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Cabbage Seedpod Weevil

By Brett Rumpel, Crop Pest Regulatory and Survey Technician, Regina

July 2020

Cabbage seedpod weevil adult.
Cabbage seedpod weevil adult. Photo Dan Johnson

The cabbage seedpod weevil is a European pest of canola, brown mustard, and cole crops, but will also feed on several cruciferous weeds. Canola and brown mustard are considered 'true' hosts because the weevil can complete larval development on these plants. cabbage seedpod weevil is invasive and was first reported in Saskatchewan in 2000.

Larvae feed on developing seeds, whereas the adults feed on pods in late-canola crops. Adults also feed on developing flower buds and young flowers, causing bud-blasting. Fungal infections associated with holes made by females to introduce eggs, and shattering can also affect the infested pod, further reducing yields. Infested pods are often distorted.

Adult cabbage seedpod weevil has a narrow, curved proboscis (snout), is ash grey, and three to four mm in length (Fig. 1), and will play dead when disturbed.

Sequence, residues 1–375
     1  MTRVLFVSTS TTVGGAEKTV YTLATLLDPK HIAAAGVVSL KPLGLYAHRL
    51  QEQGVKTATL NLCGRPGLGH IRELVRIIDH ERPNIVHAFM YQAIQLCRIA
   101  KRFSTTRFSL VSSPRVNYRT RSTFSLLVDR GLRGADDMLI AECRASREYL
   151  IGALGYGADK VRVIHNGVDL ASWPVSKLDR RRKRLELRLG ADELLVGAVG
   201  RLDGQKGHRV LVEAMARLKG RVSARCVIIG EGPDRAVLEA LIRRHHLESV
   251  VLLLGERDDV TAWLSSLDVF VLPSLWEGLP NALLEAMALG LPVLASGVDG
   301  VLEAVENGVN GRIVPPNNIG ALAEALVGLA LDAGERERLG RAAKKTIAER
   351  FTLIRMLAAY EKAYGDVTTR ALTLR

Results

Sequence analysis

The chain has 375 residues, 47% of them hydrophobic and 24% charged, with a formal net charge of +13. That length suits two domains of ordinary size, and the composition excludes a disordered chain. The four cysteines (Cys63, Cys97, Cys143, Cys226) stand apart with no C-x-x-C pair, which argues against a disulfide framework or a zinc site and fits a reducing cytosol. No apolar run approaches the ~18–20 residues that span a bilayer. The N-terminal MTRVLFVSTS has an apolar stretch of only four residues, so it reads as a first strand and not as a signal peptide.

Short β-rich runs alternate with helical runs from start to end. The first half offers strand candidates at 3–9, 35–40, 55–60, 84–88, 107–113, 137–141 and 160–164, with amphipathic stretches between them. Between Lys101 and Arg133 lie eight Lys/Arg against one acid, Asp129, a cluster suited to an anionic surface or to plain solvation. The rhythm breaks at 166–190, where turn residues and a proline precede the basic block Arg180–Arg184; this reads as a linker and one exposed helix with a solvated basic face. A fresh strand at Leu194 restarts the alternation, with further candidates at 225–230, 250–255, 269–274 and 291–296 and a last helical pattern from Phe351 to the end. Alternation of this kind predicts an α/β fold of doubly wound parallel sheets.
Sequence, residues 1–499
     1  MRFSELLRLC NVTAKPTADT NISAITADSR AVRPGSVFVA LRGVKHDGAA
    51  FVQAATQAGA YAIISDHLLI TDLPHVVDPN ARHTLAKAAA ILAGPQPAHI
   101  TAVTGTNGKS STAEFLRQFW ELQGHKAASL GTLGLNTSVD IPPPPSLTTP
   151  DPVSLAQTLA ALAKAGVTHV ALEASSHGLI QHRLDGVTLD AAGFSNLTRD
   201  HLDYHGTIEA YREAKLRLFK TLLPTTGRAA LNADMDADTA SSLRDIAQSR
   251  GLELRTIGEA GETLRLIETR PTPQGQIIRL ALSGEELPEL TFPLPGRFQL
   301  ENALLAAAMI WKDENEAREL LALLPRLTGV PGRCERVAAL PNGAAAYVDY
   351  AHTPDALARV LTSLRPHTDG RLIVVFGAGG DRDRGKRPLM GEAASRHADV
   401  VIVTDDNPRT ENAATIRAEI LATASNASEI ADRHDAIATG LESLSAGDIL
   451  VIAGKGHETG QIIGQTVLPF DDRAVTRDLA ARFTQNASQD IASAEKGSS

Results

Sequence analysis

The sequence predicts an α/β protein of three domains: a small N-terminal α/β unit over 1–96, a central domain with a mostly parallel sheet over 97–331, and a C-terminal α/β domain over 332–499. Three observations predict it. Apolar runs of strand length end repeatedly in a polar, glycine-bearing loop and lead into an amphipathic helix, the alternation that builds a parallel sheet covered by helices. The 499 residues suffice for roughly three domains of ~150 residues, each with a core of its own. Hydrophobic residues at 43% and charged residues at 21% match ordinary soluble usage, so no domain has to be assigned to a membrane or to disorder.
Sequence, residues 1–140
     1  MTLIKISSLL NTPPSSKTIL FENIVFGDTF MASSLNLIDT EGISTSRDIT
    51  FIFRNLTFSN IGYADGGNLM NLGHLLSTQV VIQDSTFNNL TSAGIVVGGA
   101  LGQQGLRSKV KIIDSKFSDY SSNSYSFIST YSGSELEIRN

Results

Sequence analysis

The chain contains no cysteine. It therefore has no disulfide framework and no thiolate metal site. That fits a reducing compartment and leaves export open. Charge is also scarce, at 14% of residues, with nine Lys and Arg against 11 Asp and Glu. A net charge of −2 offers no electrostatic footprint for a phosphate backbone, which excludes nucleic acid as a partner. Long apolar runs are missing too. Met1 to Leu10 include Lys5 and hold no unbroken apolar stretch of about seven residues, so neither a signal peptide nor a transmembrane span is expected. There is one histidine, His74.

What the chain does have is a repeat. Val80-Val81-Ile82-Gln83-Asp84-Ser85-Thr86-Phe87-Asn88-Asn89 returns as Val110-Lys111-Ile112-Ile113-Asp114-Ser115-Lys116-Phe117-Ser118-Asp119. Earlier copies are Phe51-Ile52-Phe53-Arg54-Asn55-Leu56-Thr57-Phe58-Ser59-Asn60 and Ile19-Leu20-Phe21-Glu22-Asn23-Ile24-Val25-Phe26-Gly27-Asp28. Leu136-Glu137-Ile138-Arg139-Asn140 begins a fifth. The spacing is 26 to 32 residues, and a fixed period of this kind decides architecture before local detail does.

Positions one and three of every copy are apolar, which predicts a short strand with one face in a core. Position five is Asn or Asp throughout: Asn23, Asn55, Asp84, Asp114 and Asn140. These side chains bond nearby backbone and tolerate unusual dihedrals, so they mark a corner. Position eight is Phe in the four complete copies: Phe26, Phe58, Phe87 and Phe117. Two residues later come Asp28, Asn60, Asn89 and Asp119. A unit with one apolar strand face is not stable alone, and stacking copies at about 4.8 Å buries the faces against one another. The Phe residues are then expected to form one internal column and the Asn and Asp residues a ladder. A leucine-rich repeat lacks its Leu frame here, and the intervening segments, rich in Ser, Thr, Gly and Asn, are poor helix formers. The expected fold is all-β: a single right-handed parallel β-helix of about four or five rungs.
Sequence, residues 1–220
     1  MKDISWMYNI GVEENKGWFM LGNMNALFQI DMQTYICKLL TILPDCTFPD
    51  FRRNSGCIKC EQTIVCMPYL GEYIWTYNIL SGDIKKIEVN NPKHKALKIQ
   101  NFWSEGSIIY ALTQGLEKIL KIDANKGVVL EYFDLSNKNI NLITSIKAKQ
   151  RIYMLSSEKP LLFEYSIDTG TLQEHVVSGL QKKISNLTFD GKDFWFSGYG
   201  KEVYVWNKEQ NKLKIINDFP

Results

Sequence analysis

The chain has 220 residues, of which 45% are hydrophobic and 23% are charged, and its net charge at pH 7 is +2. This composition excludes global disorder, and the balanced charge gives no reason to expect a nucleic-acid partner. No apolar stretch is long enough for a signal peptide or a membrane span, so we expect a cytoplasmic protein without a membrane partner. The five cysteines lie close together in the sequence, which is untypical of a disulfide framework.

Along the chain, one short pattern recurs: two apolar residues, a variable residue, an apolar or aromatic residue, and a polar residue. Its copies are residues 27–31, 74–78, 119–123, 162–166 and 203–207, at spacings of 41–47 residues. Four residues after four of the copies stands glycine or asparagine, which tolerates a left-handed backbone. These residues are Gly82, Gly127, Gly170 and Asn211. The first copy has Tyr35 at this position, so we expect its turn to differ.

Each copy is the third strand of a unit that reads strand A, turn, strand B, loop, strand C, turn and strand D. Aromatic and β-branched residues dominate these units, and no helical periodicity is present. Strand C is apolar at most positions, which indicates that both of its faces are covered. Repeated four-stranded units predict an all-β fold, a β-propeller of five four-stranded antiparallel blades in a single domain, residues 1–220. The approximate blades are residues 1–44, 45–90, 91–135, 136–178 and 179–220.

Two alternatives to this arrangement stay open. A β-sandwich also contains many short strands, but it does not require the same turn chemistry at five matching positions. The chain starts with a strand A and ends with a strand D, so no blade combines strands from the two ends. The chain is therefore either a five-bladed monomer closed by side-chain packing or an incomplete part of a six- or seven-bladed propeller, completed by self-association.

Cabbage seedpod weevil larva in canola pod.
Cabbage seedpod weevil larva in canola pod.

Cabbage seedpod weevil has one generation per year. Adults overwinter along the field margins, under leaf litter and emerge in April to mate and feed. Females lay eggs in developing pods. They lay on average, one egg per pod. Larvae feed for about six weeks then, drop to the ground to pupate.

Seeding later in the season can be beneficial to reduce the risk of infestation. The strategy reduces the synchrony of adult emergence and egg laying and vulnerable stages of the crop. Planting a trap crop of either an early-flowering canola variety or seeding the field margins earlier is also an efficient cultural control. It concentrates the population on the field margins and allows population control over a reduced area.

Members of the wasp family Pteromalidae are an enemy of cabbage seedpod weevils. Although these have been effective in the US, introduced parasitoids have so far had a limited impact on populations in Canada.

Insecticides registered for the control of cabbage seedpod weevil can be found in the Guide to Crop Protection. The time to scout for the insect is to begin sampling at the bud stage and continue through flowering. Chemical control is recommended when an average of 25 to 40 weevils is collected in ten sweeps. This range is associated with fluctuation in crop price. High value crops mean lowered tolerance of weevils. Sample multiple locations to get a better assessment of the whole population.

The ministry is currently surveying cabbage seedpod weevils to evaluate the spread and prevalence of populations throughout the province.

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